Take every opportunity to engage in conversation with your child.
While hearing your child try to pronounce spaghetti may be too charming to correct, having to act as translator to other adults or children can get old fast. If you can’t even understand your child, it means an even more frustrating world for him. Help your little communicator get understood by the world with exercises to get him enunciating.
1Read picture books aloud to your preschooler. This will help her to hear how the sounds are supposed to be pronounced. When you read, sound out the words clearly and distinctly. Have fun with it. Do different voices and read like your favorite audio book narrator. Move your lips and teeth enough that your child will want to model your behavior when she talks. Ask her what her favorite part of the book was and then have her repeat the sentences after you.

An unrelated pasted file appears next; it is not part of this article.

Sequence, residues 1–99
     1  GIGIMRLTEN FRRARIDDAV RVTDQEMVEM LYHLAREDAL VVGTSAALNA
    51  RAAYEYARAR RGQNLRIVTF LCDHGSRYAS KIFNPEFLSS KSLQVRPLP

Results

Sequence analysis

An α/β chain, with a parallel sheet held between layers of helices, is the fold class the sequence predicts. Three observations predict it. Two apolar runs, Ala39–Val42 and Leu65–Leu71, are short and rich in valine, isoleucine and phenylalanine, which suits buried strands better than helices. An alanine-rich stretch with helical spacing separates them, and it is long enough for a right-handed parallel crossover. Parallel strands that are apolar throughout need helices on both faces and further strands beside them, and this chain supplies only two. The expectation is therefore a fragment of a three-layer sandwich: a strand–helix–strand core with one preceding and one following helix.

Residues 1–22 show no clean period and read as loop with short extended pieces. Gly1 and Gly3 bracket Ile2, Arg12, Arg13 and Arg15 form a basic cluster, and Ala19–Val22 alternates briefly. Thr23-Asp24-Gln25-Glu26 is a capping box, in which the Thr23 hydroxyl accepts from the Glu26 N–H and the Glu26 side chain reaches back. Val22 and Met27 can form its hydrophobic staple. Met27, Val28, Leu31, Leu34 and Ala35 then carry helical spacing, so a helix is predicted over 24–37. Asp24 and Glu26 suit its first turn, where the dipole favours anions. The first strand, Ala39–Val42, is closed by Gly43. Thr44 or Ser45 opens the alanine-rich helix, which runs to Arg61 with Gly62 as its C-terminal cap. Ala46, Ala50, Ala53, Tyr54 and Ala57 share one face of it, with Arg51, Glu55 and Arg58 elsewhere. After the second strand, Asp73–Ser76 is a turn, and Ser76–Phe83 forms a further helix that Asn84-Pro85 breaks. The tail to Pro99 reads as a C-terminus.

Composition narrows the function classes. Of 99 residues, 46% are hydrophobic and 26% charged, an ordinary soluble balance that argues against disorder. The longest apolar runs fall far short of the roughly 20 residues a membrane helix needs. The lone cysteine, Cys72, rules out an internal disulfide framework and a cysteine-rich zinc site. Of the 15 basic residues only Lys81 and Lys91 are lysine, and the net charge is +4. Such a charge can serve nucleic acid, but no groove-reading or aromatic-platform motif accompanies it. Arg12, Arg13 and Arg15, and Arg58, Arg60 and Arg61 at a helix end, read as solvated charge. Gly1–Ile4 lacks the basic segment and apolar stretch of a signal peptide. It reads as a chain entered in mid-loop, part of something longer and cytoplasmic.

2Talk in rhyme, read in rhyme and sing in rhyme, all the time. While it might start to drive you crazy, you sure won’t be lazy, because rhyming all the time is hard work. Rhyming will bring attention to the small differences in words that sound alike. Your child will want to play along. Even if his rhymes are nonsensical words, when he tries to rhyme he will need to enunciate to join the game.
3Talk about things that use the sounds that don’t come easy to your preschooler. At this age, she may not be able to decipher how her pronunciation is different from yours, but with time, she can begin to model what she hears you saying. So if she can’t say “sports” or “spelling” or “special” because the ‘sp’ sound is hard, find reasons to talk a lot about “space” or “spoons” or “sponges” casually, as a part of conversation. Chances are, after a while, she’ll even say “spaghetti” correctly.
- Mention to your physician the enunciation problem to rule out any hearing disorders, ear infections or physical lisps. Early intervention for speech therapy candidates have a greater chance of success.